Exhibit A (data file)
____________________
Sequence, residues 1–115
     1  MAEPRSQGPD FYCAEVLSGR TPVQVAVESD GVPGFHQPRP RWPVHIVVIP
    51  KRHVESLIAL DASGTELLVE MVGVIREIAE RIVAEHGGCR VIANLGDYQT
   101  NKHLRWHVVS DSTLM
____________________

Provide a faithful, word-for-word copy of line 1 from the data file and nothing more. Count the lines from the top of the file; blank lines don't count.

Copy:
Sequence, residues 1–115